Spooktoberfest Special: The World’s Finest Guide to the Supernatural

As anyone who’s ever picked up a comic book where someone is actually a skeleton knows, the border between the mortal world and the supernatural is at its thinnest on Halloween. So if you’re out this weekend at around, say, twelve o’clock–The Witching Hour–and find yourself faced with creatures out to terrorize y’all’s neighborhood, don’t panic! The ISB is here to offer simple safety tips from your pals in the Justice League.

Just follow the example of one of the following heroes, and you’ll be sure to have a frighteningly safe Spooktoberfest:


Superman Says:

When faced with a supernatural enemy, try to figure out its natural weakness! For example, many evil creatures cannot stand the light:




Thus, simply use your phenomenal powers of Super-Glass-Blowing and Super-Tungsten-Filament-Crafting to make a gigantic light bulb and scare the monsters away.


Batman Says:





More tips for safe living, including what to do when you need to fake your death and get your friend to pretend to be your ghost for a few days, can be found in Showcase Presents World’s Finest v.2.

29 thoughts on “Spooktoberfest Special: The World’s Finest Guide to the Supernatural

  1. I swear the artists on the Batman comics of this time must have had a standard “Robin in corner panel looking shocked” piece they’d just paste in as needed.

  2. Hey, MGK. What the heck happened with your site?

    How many writers could get away with Superman and a giant light bulb these days? I’m thinking Morrison, but he seems like an obvious pick.

  3. there’s the AWFUL Red Rain trilogy, where Batman becomes a vampire… I’m pretty sure Dracula is in those… but I’m not 100% sure, and I refuse to reread them.

  4. If comic fans are “truly” lucky, Marvel will get the license to adapt the Twilight books, and then they can do Anita Blake/Twilight crossovers.

  5. ..

    “Hit it until it dies.”

    Isn’t this essentially our strategic doctrine in Iraq?

    From a comic?



  6. On the subject of one of those things I probably shouldn’t think about…

    How did Superman get out of the giant lightbulb after he assembled it from the inside?

  7. You’re right, you shouldn’t think about it. But if you look carefully at the first panel, you’ll notice Supes hasn’t attached the glass to the light bulb base, yet and there’s a big gap.

    A better question would be: why did Superman make the base with a screw-top electrical connector? Was he planning on making a giant lamp with matching socket to use the giant bulb on, after he’d used it to destroy the monster?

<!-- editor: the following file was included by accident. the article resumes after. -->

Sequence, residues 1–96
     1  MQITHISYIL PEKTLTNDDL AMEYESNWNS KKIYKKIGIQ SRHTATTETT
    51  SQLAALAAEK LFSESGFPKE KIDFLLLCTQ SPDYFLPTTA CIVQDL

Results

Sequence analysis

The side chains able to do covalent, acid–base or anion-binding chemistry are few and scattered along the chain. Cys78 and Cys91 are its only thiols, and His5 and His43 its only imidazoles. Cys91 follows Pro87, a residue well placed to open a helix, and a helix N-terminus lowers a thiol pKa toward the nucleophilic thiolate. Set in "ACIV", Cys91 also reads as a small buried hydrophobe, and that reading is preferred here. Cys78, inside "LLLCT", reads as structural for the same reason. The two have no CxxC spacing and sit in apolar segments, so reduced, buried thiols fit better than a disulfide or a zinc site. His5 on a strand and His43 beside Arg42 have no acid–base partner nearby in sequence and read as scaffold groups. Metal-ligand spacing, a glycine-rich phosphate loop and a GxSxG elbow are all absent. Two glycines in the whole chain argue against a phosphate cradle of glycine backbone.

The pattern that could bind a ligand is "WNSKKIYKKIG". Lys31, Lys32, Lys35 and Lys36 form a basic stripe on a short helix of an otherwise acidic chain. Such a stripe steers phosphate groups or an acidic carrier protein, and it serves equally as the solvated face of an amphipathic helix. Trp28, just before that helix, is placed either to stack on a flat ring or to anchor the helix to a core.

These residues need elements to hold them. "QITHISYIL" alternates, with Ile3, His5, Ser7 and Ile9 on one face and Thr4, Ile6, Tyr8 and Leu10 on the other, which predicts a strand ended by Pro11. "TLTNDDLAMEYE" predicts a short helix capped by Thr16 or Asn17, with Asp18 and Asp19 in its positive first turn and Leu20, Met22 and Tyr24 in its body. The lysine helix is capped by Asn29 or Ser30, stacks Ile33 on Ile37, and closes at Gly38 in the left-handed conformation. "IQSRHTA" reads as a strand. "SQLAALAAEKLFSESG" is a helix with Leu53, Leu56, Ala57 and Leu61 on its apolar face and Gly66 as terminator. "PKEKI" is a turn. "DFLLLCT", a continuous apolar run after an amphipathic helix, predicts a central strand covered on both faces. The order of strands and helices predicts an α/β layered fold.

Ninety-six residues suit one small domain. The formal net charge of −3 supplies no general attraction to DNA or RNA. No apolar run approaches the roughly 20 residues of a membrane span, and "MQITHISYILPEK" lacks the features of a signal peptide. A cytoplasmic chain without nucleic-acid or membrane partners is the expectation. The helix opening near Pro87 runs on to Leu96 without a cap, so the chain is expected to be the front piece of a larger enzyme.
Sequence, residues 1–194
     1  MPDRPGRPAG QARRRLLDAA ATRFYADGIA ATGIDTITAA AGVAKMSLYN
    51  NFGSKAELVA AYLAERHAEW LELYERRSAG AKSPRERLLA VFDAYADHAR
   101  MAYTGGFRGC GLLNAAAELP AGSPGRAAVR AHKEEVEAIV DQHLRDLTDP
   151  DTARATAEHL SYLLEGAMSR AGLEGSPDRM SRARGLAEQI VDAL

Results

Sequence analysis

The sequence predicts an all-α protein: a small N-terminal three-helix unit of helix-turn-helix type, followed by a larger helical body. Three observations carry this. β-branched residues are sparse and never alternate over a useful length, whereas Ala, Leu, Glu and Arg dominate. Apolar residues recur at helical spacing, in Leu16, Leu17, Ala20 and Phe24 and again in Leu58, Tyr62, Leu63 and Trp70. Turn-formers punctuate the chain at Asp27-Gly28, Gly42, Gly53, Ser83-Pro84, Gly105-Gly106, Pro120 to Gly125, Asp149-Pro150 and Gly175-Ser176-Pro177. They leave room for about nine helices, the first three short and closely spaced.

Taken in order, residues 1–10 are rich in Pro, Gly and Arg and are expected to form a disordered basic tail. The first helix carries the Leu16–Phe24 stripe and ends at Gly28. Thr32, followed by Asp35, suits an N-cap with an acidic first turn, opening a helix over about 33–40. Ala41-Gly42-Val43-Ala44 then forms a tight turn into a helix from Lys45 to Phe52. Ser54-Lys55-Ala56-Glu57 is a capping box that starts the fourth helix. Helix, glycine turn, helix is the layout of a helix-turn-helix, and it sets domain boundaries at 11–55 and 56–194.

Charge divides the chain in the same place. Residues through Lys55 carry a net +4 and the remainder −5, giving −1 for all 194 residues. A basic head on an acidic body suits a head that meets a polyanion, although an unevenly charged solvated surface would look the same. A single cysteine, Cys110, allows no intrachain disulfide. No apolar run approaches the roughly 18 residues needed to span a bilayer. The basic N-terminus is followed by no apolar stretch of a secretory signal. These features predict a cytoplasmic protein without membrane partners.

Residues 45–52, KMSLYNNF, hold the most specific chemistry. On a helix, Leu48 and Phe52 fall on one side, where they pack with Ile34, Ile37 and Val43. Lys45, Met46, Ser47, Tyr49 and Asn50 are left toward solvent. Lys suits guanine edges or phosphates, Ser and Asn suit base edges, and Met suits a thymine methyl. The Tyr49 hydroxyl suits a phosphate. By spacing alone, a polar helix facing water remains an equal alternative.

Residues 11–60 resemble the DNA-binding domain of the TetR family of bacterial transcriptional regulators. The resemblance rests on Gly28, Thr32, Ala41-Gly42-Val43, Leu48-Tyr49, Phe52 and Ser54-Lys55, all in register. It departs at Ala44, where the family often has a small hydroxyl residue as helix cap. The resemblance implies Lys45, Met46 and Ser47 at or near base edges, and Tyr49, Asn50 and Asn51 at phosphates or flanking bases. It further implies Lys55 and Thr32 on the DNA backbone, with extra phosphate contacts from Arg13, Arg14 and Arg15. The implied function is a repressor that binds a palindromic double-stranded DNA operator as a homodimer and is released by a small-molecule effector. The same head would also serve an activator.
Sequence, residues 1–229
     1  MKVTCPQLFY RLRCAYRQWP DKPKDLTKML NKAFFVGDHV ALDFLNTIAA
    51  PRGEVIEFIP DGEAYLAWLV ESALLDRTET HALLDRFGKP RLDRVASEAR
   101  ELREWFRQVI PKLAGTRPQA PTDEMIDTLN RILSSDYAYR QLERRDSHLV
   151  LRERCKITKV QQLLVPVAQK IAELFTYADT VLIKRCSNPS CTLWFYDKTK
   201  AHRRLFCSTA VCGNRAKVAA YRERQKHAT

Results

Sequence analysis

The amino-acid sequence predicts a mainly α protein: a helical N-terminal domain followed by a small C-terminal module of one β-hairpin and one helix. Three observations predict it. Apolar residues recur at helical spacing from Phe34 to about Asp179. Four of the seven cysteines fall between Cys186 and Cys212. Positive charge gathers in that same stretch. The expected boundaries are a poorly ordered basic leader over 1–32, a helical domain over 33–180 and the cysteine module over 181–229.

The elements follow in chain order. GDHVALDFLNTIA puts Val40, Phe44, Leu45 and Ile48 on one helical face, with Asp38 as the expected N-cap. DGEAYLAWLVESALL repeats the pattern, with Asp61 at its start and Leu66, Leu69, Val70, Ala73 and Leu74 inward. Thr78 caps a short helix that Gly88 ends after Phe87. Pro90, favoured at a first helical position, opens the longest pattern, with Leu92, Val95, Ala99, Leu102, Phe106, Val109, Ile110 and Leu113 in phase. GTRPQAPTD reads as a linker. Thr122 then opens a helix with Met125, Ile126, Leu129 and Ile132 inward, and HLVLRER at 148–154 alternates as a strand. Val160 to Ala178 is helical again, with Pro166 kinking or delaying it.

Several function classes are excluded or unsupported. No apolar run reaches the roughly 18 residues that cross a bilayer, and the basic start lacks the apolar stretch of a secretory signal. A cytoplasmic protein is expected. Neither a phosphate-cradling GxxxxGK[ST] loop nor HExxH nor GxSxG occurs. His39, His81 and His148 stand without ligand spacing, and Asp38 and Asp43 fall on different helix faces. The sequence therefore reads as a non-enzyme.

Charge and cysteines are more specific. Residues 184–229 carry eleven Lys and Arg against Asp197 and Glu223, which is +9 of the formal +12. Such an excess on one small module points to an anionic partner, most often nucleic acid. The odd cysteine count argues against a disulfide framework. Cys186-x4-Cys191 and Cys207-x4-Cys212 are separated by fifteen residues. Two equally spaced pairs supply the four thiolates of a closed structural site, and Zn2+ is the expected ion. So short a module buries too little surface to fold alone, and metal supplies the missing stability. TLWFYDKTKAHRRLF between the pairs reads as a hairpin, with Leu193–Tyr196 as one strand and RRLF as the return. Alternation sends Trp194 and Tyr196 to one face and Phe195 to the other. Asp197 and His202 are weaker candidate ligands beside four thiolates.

8. ALSO, did you miss out a panel when he drew out all the air from the bulb before affixing the base?

  9. I recommend the 1957 SF film The Monolith Monsters. Batman’s tactic not only would not have stopped those alien creatures, it would have only made the problem worse.

    And don’t get them wet, either. Yep, before Gremlins.

  10. I don’t think Batman had a plan at all in that panel. He just chucks Batarangs as a reflex, and he was trying to cover up why he threw it to Robin when it ended up killing the creature instead of just jamming a gun or pinning a thug’s clothes to something.

  11. I like the batarang reflex answer. I’m now imagining Batman responding to everything with a hurled batarang:

    (Alfred walks up behind Batman, busy working at the Batcomputer)

    Alfred: What would you like for lunch, sir?

    (Batman spins and hits Alfred between the eyes with a batarang.)

    Just wondering though, how does Batman deal with something supernatural that’s intangible? Anti-Ghost sprays or something like that?

  12. Just wondering though, how does Batman deal with something supernatural that’s intangible?

    He hits it until it dies, as was previously discussed.

    And to head off your next question: Because he’s Batman.

  13. Well, you left out the fact that he’d already have an intricate, fool proof plan to deal with any intangible, supernatural threat, due to his meticulous strategic mind (and some really slow Saturday nights in the Gotham). Although, come to think of it, that is implied in “Because he’s Batman.” You can cover a lot of bases with that.

  14. You know where you are when the easiest way to produce an intense light source is to build a giant goddamn light bulb?

    You’re in the Silver Age.

  15. Offhand, I have to think a giant bazillion watt light bulb would chase just about any thing off, creature of darkness or not.

    Assuming it doesn’t, you know, blind then melt you first.

  16. “You know where you are when the easiest way to produce an intense light source is to build a giant goddamn light bulb?”

    And not a properly bright bulb like a sodium halide bulb, but a tungsten bulb, whose filament would melt if you heated it that much.

  17. Correction:

    That ray gun is Robin’s. he says “MY special mummy ray gun”, after all.

    …which probably explains why it doesn’t work. A ray gun built by Batman would have vaporized that mummy, no problem.

  18. So Batman’s no-kill policy really only applies to things that can talk to him, and barring that, look like a human being?

    What if that crystal monstrosity was taking its mate and offspring to a show, Batman, and you just came along and shattered it with your batarang? What then? I’ll tell you what happens then: that crystal monstrosity’s offspring will eventually put on a costume and fight for justice, crystal monstrosity-style.

  19. Remember, this is “early Batman”. He hadn’t given up batarangs for car batteries.